Thursday, 30 October 2008

Round 2

Nailed the little b*st*rd to the canvas. As it were.

I mentioned in earlier post about coming across stuff and thinking, "Did I write that?" It works three ways.

1 - Wow, that's good, did I write that? (Disbelief)
2 - Wow, that's crap, did I write that? (Resignation)
3 - Wow, I don't remember writing this at all. (Old age?)

I had several of No 3 today. Whole sections I simply don't remember writing. It is an eerie feeling. I know no one else has had any part in writing this book (although a number of wonderful people have critiqued), so to come across passages of prose that fit perfectly with the whole text, but which I'm encountering for the first time puts me in the place of Charlie. No wonder she feels disorientated at times.

I'll stick to writing about temporal adventuring. Others are better equipped to walk those roads.

It does make me wonder, however, what state I was in when I wrote those passages. Being 'in the zone' is a much used phrase - losing all sense of self in one's work. I have been there. Sitting down after a meal, for example, looking at the clock and realising the whole afternoon has gone.

I have sometimes suggested that Charlie sits here and dictates her life story, lured to my den with the promise of hot, buttered crumpets (cos they don't make muffins like they used to) and strong tea. Perhaps, in a sense, that is exactly what happens. She is very real to me. I know what she looks like as an adult (go look at her blog for a picture). For goodness sake, she has her own blog. And why not.

I'm not sure if there is any point to this. I just hope she keeps visiting, because she has so much more to tell.

Tuesday, 28 October 2008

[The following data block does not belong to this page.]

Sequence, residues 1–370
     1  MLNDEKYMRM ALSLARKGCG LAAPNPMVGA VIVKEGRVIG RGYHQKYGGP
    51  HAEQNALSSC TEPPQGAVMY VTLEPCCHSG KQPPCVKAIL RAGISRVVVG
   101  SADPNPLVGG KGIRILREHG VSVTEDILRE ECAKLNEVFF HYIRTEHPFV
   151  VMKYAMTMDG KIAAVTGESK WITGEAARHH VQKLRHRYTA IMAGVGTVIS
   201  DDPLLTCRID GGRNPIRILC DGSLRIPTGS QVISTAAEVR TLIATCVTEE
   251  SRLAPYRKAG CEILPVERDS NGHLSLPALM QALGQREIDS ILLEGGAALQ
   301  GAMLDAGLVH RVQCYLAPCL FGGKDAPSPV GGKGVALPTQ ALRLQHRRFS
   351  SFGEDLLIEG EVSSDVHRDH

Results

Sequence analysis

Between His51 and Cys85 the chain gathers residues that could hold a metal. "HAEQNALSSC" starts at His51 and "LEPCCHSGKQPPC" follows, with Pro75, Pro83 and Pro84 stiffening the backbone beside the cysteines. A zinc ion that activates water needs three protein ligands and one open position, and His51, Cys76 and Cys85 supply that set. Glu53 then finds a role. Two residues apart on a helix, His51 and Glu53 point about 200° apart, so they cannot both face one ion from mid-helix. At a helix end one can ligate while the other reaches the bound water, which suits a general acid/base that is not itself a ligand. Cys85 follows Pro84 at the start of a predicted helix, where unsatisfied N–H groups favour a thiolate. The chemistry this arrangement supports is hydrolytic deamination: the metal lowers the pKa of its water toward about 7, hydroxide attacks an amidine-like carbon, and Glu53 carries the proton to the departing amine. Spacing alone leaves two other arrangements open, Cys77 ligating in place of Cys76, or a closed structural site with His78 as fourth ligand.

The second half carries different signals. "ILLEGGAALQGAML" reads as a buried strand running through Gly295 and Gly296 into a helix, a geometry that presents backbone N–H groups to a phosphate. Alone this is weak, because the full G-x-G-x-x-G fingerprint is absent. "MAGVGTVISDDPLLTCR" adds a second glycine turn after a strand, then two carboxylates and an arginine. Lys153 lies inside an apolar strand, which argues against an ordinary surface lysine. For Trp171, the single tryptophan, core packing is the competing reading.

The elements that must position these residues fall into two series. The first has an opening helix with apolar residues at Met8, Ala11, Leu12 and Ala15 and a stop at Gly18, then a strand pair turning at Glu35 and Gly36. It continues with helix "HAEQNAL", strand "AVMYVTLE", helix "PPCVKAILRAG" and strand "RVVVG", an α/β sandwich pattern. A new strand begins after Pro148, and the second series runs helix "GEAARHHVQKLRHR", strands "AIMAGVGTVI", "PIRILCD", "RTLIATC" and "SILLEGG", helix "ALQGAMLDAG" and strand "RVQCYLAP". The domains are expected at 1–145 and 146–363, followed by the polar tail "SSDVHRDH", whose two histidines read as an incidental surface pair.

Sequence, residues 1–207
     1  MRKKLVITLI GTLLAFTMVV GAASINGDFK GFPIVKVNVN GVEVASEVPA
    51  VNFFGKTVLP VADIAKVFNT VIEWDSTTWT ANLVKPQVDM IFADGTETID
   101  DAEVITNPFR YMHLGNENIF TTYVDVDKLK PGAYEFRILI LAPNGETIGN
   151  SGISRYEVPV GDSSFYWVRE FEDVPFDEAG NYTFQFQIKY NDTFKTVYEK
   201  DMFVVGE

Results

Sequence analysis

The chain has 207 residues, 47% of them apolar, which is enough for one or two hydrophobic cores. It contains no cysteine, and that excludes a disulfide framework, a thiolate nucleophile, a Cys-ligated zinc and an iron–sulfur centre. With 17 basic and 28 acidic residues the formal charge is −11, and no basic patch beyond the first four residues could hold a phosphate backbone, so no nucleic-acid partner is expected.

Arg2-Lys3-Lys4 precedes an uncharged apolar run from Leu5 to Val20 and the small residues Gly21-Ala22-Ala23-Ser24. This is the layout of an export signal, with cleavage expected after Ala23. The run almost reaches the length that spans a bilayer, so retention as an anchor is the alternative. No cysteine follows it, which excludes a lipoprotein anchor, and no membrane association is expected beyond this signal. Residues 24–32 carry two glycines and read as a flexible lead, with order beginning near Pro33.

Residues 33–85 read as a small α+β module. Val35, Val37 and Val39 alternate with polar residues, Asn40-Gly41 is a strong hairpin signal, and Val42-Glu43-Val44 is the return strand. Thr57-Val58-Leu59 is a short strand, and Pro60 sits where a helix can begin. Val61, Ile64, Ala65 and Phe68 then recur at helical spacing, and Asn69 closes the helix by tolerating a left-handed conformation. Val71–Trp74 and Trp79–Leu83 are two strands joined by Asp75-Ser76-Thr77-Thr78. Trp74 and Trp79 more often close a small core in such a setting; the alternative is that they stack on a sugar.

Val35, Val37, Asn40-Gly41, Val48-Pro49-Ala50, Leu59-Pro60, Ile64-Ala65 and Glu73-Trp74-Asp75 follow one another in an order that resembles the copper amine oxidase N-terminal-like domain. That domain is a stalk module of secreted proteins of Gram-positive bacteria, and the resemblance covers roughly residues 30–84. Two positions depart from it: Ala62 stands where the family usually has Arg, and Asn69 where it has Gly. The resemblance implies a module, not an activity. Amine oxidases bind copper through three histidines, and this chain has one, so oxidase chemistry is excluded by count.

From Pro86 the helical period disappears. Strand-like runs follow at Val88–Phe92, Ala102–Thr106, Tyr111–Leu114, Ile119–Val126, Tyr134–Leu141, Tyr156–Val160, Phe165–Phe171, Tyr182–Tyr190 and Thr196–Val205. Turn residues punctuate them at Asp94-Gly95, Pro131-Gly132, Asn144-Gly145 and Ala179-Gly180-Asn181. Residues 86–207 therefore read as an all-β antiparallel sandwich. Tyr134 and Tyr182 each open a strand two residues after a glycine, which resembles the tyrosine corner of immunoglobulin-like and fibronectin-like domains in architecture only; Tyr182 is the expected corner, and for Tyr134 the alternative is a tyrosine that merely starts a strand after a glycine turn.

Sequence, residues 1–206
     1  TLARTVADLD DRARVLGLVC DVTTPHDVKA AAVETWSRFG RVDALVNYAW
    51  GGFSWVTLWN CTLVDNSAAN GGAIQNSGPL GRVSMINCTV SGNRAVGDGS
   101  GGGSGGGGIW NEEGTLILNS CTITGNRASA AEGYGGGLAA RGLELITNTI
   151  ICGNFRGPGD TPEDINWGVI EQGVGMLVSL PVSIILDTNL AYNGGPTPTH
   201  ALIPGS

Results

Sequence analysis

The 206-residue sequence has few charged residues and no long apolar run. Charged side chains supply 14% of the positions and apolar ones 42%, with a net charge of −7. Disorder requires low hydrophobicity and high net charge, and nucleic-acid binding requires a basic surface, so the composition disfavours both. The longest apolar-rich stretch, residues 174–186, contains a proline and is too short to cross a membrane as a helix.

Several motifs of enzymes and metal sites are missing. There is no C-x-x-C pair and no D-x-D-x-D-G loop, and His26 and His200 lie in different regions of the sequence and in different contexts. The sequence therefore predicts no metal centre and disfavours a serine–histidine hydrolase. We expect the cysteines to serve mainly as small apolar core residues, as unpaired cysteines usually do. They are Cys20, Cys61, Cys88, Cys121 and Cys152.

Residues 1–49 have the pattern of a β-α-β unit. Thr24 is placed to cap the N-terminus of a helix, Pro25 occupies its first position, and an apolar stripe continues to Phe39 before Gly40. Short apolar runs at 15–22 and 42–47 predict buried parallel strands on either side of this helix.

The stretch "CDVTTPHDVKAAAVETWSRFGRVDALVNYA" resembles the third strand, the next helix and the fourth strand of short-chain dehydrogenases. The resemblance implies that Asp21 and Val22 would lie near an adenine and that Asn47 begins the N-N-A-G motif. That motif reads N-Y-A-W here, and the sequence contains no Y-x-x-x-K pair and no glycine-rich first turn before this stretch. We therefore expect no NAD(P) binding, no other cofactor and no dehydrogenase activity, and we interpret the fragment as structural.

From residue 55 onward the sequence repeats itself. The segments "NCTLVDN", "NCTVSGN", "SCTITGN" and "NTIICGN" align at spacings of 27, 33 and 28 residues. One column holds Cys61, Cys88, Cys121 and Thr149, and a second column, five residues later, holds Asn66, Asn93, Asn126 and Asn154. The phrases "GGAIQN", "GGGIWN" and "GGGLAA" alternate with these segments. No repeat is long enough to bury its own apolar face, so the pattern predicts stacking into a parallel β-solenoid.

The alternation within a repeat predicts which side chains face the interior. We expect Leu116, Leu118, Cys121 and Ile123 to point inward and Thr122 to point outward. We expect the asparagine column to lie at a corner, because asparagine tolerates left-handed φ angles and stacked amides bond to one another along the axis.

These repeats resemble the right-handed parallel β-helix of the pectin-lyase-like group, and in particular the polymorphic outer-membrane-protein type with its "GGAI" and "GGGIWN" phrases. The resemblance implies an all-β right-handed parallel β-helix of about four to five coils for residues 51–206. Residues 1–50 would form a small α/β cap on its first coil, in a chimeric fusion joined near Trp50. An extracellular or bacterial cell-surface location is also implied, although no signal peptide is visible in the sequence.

More editing

I have spent the whole day (with one or two pleasant interruptions) wrestling with one paragraph. The first two sentences both contain the word 'but'. They have been re-written, re-ordered, thesaurused to death. For now, the paragraph has won and I am retiring to my corner.

Friday, 17 October 2008


My private resolution to post on a more regular basis is staggering a bit. Already.



At once.

So here's one I made earlier, posted on someone else's blog (waves at Alison).

I try to keep my inner editor gagged and tied to a chair in a different room; work right through a first draft. Well, that's the theory. The guy is a regular Houdini, turns up out of nowhere and starts pointing things out. Scares the hell out of me.

Revision. These have worked for me:
1. When you've finished, give it a few weeks before you back to it. Let your head settle. Go get some fresh air. Your subconscious mind will still be working on it.
2. A recent tip from a friend which did wonders. Set the text up on and print yourself a private copy. Reading it as a book (rather than on screen or in manuscript form) is great for the ego and it helps you see things you might otherwise miss.
3. Read the whole thing as if it was a book, just to get the feel of the shape of the whole story. Make notes on major issues, but don't get into detail.
4. Get into detail. Correct typos, eliminate repetition, watch out for words and phrases you use a lot (paste the text in here: and it will give you a word use frequency chart, compare the results with a list of the hundred most frequently used words, cut those from the list and see whether you use particular words a lot).
5. While you are doing the above, you will start to see if there are structural problems (which you may also have noted in 3). Note these down but don't try to fix.
6. When you have finished the superficial corrections, look at structure and make any changes you think are necessary.